Monday, March 19, 2012

The best and worst idea I've ever had: Borrowing an ice-cream maker

Seriously, though: Take this ice-cream maker out of my house. I can't resist its siren song! Which means I then can't resist the frosty deliciousness that comes out of it! HELP ME, I'M CHURNING MYSELF INTO A SHAME SPIRAL!

At least this time I had the good sense to make low-fat frozen yogurt instead of, you know, gelato with a base of about six zillion eggs and a metric ton of cream and sugar and butter. I mean, that gelato was incredible and everything, but we needed something a little more, um, "everyday" around the Nervous Household this time around.

Enter Serious Eats: Sweets, and the delightful Max Falkowitz, with this life- (and gut-) saving recipe for banana-bread ice cream.

Though I took a few liberties (halved the sugar; swapped 2% Fage Greek yogurt for the cream; used spiced instead of dark rum because that's all we had; doubled the cloves; mixed in peanuts), this thing is genius: Sweet and salty, snappy and full of warming spice despite being a cool, cool happy-mouth-making treat.

Go ahead: Have a scoop or two for breakfast. It's got bananas in it—it can't that bad for you, right?

Banana bread frozen yogurt, adapted from Max Falkowitz's recipe at Serious Eats: Sweets
4 very ripe bananas, sliced
1/4 cup brown sugar
1/2 tsp salt
1/2 tsp lemon juice
16oz Greek or plain yogurt
1 tbs dark or spiced rum
1/2 teaspoon vanilla extract
1/2 tsp ground cinnamon
1/2 tsp ground cloves
salted pea- or walnuts (optional)
Preheat the oven to 350°F. In a baking dish, toss the banana slices with the sugar and salt until evenly coated, and bake for about a half hour, or until a thick syrup builds up around the fruit and starts to bubble. In a food processor or blender, carefully puree the banana mixture and lemon juice until smooth; then add yogurt, rum, vanilla, and spices, blending again until perfectly creamy. Chill mixture completely. (A few hours in the fridge should do the trick, though overnight is also okay.)

Once the mixture is ready, pour it into a pre-chilled ice cream maker and follow the manufacturer's instructions. If you're using nuts, add them about five minutes before the churning is through. Serve with banana bread, topped with hot caramel sauce or peanut-butter.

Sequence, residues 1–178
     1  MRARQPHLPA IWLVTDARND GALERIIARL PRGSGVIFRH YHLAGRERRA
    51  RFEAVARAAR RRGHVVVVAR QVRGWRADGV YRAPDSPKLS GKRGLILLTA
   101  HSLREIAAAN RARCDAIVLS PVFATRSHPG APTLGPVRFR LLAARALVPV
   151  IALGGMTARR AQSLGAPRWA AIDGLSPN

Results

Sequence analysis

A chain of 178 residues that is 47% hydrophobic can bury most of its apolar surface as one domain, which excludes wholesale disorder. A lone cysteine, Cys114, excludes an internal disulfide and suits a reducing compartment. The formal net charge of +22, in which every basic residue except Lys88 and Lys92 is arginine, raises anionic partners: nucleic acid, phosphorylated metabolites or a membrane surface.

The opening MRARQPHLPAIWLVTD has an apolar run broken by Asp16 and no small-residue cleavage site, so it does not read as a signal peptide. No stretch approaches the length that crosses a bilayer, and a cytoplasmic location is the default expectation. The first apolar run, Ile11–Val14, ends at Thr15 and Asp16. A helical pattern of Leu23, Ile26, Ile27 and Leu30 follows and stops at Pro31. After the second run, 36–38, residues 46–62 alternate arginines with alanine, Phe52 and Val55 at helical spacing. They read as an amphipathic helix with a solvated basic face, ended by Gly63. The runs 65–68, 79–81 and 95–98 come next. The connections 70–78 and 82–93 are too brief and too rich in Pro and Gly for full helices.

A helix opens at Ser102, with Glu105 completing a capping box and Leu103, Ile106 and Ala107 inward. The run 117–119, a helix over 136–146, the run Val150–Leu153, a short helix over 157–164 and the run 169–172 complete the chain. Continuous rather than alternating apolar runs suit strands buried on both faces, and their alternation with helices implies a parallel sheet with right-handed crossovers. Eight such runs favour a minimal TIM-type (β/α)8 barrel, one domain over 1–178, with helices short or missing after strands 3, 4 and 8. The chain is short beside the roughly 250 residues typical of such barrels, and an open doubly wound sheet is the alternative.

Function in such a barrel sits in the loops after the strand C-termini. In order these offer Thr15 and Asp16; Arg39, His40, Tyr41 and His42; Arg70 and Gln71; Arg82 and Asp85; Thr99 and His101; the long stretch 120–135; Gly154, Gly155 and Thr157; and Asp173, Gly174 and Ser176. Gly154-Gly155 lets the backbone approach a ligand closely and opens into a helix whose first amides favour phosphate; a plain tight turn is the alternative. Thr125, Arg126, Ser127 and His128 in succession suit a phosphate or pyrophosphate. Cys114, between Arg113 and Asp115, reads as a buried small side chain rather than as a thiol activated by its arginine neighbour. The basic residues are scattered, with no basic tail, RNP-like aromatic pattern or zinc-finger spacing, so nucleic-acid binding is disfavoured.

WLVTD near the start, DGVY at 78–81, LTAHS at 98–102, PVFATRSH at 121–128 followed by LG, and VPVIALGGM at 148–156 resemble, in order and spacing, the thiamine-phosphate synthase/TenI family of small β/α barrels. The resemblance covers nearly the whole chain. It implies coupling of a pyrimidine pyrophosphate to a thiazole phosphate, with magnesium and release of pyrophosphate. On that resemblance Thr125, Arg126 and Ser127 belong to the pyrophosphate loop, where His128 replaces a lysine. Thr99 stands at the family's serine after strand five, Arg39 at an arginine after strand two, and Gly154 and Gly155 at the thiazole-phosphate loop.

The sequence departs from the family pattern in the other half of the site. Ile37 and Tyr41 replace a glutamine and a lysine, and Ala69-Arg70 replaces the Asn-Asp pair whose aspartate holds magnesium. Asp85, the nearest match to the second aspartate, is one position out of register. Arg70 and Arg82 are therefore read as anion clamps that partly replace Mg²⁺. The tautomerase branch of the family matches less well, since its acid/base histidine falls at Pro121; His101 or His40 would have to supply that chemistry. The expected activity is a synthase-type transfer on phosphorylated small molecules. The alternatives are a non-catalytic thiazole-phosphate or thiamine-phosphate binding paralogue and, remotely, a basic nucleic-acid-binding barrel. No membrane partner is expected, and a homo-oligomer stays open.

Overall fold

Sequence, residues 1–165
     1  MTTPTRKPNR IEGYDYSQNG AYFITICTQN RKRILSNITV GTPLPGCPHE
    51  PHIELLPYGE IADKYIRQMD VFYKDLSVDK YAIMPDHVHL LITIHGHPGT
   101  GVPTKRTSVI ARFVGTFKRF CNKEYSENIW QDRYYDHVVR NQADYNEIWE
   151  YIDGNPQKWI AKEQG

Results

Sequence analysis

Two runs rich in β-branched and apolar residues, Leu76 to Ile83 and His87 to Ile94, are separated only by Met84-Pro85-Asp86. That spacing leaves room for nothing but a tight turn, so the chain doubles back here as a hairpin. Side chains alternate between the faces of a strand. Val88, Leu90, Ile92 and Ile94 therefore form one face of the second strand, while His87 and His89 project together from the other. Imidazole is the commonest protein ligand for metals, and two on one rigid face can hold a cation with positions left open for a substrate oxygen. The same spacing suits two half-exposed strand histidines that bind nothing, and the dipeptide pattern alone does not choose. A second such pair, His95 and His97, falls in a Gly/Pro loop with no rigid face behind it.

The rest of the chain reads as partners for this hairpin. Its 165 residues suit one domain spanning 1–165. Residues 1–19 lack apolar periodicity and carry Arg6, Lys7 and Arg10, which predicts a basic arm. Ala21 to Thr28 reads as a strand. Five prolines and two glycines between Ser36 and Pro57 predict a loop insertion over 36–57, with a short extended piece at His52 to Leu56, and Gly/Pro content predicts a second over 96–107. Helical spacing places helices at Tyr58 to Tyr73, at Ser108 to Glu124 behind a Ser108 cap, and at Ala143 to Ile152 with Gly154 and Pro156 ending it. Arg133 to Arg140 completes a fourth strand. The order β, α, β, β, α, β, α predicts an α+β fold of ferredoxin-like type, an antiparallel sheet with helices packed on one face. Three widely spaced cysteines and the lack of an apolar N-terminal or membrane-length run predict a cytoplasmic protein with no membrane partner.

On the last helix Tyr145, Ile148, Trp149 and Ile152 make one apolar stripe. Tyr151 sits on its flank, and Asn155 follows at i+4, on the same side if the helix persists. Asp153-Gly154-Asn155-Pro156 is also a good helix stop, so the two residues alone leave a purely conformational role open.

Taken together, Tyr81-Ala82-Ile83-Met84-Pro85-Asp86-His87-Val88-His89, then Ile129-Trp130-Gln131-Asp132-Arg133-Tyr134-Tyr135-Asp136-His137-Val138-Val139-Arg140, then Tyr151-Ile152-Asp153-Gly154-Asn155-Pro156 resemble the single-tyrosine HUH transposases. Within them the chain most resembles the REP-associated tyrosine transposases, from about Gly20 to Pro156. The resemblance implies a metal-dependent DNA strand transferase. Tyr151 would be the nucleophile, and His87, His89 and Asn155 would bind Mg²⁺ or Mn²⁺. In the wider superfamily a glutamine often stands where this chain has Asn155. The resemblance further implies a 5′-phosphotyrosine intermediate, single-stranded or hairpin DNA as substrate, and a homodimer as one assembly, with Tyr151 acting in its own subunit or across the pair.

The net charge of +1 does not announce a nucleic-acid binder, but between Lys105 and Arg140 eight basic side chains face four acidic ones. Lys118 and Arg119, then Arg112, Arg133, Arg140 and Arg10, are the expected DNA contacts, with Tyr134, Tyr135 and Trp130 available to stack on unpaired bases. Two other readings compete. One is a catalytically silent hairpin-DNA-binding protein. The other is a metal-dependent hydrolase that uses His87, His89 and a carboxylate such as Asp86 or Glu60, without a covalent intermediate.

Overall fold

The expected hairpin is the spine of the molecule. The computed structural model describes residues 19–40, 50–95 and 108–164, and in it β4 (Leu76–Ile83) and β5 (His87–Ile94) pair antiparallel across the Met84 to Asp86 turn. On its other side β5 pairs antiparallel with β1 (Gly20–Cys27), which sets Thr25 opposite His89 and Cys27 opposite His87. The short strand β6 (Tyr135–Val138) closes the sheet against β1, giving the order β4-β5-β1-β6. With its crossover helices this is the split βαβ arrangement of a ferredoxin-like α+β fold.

(Optional: Transfer the soft frozen yogurt to an airtight container and freeze until it reaches your desired texture.)

Yields 1 quart.


  1. treat yourself to an ice cream maker. dw & i have two... one for his full on dairy doomness and mine for my non-milk needs. there are plenty of comforts to be found on a hot summer day, but the main one that should be sought is the homemade ice cream treat. do it.

    1. What non-milk base do you prefer for ice cream? I've been thinking about some vegan options: Do you find a major difference between coconut milk or soy milk?

  2. I don't sounds like the best idea you ever had. ;)

  3. Oh gosh, I feel like you are reading my mind. I was just looking up the prices for the ice cream maker attachment for my Kitchen Aid. I know if I get it I will not be able to stop myself... Oh boy, that looks good...

    1. It's worth it! You'll love it! (Think of all the homemade ice-cream sandwiches you'll enjoy this summer...)

  4. Oui, I concur...most dangerous gift we gave my husband last year. He LOVES his ice cream maker. I would go for the cookies every time so I can stay relatively safe...except for sorbet. Can't resist a good fruit sorbet.

  5. What a funny post :-) I have an ice cream maker but I never use it. I'm feeling inspired now though!!

  6. haha. a friend gave me her ice cream maker last year. at first I wasn't sure I was going to like it, but I love it!!! of course I also end up eating a zillion extra calories.

    my faves have been pistachio ice cream, goat cheese ice cream and mango/ginger/pistachio sorbet.


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